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Minnesota Opera

In Review Macbeth Minnesota lg 414
Grimsley and Harris, the Macbeths in St. Paul
© Michal Daniel for Minnesota Opera 2014

Verdi's Macbeth, never what one would call a cheerful, lighthearted evening in the theater, took on an extra measure of gloom and despair in Joel Ivany's production for Minnesota Opera, the third offering in what has so far been a winning fifty-first season for this company.

We first encounter Macbeth (Greer Grimsley) and Banquo (Alfred Walker) on a battlefield strewn with dead bodies, on which the weird sisters, dressed like crows with gas masks growing from their heads, are feasting. It's an ugly scene: Banquo stabs an enemy soldier and nonchalantly walks on. But then it's an ugly culture that Ivany and his designer, Camellia Koo, present to us — a dour, violent society full of dark deeds at the top and, embodied in the fervently sung choral lament at the start of Act IV, the war-torn peasant class at the bottom. In such a society, with its crumbling, concrete buildings and claustrophobic enclosures (no particular time or place is suggested), it's not so surprising that Macbeth and his Lady might be prompted to murder their way to the throne. They've probably done evil things before, and in a more just society they would have a police record a mile long, At the end, when they're defeated, the victory chorus led by Malcolm and Macduff carries a hint of weariness: despite a welcome change in administration, things aren't likely to improve.

Grimsley, the charismatic Macbeth, shares the spotlight with Brenda Harris, his impressively ruthless Lady. Both artists have sung their roles before, and neither is a stranger to this company. Both are strong actors. As the evening progressed, Grimsley traced a clear and believable line from furtive ambition to homicidal frenzy and finally, in the battle scene, to a desperate grasp at self-preservation that rose to almost heroic scale. Except for brief moments of wayward pitch right at the start on opening night (Jan. 25), Grimsley used his prodigious bass-baritone to full effect in the climaxes while investing the more introspective moments with a grandly lyric, dark-velvet sound. Harris, for her part, was an intense, combative, unyielding queen-to-be, which gave her sleepwalking scene, played with a subdued dreaminess — with none of the fevered movements that sopranos usually give it — such poignancy. Her tone showed patches of dryness, but Harris dealt easily and accurately with the part's coloratura demands, delivering honest-to-goodness trills in the banquet scene and ending the sleepwalking scene with an immaculate high D-flat.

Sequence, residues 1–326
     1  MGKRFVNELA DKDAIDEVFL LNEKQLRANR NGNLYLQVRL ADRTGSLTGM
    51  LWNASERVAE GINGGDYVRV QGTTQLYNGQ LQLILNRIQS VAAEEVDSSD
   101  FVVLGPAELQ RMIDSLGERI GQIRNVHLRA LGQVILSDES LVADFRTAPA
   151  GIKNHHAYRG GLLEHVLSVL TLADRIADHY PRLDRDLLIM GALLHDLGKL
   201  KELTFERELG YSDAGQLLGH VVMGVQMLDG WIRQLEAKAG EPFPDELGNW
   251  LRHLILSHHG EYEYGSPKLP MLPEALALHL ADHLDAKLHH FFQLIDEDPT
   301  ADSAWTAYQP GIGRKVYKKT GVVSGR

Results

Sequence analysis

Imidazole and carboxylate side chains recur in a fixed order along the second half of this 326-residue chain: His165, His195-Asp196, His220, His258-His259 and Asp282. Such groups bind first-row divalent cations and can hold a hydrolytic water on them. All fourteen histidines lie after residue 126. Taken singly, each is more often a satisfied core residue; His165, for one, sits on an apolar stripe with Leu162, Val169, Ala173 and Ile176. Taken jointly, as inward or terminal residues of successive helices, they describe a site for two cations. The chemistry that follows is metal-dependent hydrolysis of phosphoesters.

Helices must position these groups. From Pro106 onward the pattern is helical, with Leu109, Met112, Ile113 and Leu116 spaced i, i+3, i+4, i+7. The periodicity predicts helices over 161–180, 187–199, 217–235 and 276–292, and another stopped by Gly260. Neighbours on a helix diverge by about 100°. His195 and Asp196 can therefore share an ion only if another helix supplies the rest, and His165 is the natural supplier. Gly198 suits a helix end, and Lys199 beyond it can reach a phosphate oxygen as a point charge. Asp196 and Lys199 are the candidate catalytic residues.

Walker brought a noble, resonant sound to the role of Banquo, and Harold Meers gave ardent expression to Macduff's Act IV aria. And despite a few uncoordinated moments between the excellent chorus and orchestra in Act I, Michael Christie conducted with splendid brio and welcome crispness.

A few of Ivany's ideas didn't work, such as having a simulation of Banquo's head painted silver and displayed on a platter during the banquet scene as if it were the head of John the Baptist. Generally, though, Ivany's visuals carried a ring of truth, and though he couldn't make the Witches believable — no director can do that — he drew lively, limber performances from them. As a provocative touch, he had some of them appear in the background in scenes where we don't expect them, suggesting that the Witches are dictating the events of the story, rather than simply predicting them, but, for better or worse, he didn't follow through on this idea. Sean Nieuwenhuis designed the atmospheric projections and Jason Hand the lighting. Koo also conceived the striking costumes, black leather being the dominant motif. spacer


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